Australian Senate Inquiry Hears Smoke Alarm Practise Inadequate

An Australian Senate inquiry into smoke alarms has heard from fire services around Australia, who say current smoke alarm practice is inadequate and residents have a false sense of security, particularly when it comes to use of ionisation smoke sensors.

Recommendations from fire services include that photoelectric smoke alarms be hardwired to power, as well as alarm systems. Other recommendations were that a regulated position be established on the most effective type of smoke alarms and their optimal location. There were also calls for industry advice to be developed so factors such as cost did not solely determine what type of smoke alarm was chosen.

Fire and Rescue NSW told the inquiry that ionisation devices are more prone to false alarms from cooking, which prompted many people to disable them.

“Research has highlighted the inadequacy” of national construction requirements that a smoke alarm be installed on each habitable level, meaning one alarm can serve a whole single-storey house, FRNSW told the inquiry.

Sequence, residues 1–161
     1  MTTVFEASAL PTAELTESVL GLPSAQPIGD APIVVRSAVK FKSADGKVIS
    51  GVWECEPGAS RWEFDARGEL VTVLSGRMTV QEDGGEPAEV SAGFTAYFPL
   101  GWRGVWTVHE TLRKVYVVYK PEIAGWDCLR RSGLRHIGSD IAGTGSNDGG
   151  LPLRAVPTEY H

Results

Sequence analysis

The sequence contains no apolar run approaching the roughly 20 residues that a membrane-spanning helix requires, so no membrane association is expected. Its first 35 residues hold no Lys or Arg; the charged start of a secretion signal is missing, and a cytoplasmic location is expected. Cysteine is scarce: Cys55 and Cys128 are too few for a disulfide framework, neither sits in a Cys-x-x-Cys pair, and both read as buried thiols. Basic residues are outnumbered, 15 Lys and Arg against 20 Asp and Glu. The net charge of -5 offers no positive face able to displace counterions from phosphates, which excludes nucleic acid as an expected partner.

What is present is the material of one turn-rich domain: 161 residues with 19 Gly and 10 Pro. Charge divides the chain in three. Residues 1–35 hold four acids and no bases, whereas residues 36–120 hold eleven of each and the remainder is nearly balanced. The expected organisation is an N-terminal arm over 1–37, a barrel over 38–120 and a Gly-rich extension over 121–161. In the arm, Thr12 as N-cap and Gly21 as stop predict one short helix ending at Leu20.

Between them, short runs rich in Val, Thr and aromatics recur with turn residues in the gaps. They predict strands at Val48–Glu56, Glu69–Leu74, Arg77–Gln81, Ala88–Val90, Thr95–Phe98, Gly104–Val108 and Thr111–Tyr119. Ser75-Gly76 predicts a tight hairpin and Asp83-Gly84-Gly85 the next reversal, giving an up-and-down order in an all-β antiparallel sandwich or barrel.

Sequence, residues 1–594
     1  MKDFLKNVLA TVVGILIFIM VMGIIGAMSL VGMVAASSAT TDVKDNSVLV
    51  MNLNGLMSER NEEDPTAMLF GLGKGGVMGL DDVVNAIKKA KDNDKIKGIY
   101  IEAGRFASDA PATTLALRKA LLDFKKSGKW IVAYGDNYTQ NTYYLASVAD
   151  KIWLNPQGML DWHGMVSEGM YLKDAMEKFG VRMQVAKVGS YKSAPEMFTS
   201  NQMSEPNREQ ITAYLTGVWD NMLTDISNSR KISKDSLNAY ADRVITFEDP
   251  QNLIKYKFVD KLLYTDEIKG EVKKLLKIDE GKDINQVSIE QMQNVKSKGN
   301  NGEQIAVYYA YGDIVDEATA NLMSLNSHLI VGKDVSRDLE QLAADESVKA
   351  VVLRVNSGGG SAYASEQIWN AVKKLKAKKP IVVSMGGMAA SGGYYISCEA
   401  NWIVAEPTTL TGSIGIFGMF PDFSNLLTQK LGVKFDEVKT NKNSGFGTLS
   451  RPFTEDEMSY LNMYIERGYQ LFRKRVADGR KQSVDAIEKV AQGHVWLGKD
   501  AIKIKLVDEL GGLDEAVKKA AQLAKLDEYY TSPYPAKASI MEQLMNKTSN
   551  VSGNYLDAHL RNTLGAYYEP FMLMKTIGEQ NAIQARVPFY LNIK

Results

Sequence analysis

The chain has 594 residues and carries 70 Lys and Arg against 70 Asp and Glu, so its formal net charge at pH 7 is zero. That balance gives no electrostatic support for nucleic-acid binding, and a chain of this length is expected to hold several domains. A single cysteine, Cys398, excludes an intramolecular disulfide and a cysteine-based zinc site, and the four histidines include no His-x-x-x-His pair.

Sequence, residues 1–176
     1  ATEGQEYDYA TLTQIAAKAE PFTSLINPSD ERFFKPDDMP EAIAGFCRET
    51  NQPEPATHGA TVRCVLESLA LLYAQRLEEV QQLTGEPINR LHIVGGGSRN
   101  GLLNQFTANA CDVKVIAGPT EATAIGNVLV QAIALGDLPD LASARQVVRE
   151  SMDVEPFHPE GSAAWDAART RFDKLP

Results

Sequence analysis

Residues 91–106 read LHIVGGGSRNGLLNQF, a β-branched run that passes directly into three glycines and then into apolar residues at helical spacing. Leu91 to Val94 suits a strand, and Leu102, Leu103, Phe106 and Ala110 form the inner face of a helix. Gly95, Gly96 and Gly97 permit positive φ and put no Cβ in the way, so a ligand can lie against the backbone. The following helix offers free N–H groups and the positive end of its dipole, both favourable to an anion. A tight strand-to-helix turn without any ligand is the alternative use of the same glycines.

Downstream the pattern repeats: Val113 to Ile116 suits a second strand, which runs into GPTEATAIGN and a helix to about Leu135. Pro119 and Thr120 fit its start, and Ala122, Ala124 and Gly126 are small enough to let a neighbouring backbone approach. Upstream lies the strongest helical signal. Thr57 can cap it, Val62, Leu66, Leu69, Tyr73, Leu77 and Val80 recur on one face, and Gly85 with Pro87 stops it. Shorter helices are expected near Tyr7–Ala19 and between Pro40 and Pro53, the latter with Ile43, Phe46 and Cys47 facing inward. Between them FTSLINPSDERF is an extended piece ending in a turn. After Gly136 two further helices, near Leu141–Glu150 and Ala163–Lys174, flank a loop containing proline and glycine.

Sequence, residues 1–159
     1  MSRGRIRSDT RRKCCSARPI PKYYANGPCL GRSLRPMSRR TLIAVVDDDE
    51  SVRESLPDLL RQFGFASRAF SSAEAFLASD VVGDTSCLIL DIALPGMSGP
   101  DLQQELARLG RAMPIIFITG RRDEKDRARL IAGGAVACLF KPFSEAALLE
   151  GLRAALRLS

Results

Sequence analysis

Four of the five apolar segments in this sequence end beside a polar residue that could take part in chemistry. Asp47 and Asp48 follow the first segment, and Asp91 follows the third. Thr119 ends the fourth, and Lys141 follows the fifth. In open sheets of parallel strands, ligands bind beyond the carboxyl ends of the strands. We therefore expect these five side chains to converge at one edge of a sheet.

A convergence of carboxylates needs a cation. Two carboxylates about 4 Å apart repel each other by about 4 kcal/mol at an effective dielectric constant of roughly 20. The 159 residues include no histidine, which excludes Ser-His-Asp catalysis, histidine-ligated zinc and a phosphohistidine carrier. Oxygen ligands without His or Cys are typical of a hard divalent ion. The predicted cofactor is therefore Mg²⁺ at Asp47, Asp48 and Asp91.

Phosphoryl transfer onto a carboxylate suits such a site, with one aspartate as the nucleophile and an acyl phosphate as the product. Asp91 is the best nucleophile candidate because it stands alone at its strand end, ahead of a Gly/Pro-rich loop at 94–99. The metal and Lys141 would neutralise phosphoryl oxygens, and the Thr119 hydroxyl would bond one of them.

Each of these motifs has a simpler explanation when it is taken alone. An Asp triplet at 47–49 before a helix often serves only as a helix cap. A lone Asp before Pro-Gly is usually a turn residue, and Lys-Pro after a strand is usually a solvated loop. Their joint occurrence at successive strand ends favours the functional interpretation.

According to Fire and Rescue NSW said modern, quick-burning furnishings mean fires can progress to a fatal “flashover” in as little as two minutes, compared with the 1970s, when it took up to 20 minutes. Meanwhile, the CSIRO said open-plan homes can exacerbate the effect.

It meant early warning was insufficient, especially when a bedroom door was closed. This was exacerbated by “modern furnishings [that] contribute to faster fire development … the quick onset of flashover makes escape almost impossible”. Flashover occurs when an entire area ignites simultaneously due to extreme temperatures.

Meanwhile, Melbourne’s Metropolitan Fire and Emergency Services Board told the inquiry there was a “clear need” for regulatory reform of smoke alarms, which should extend to the use of sprinklers.

It said disadvantaged people were the most at risk from fires and the least likely to be able to install and maintain a working smoke alarm. These people included the elderly, those with a disability and international students and workers.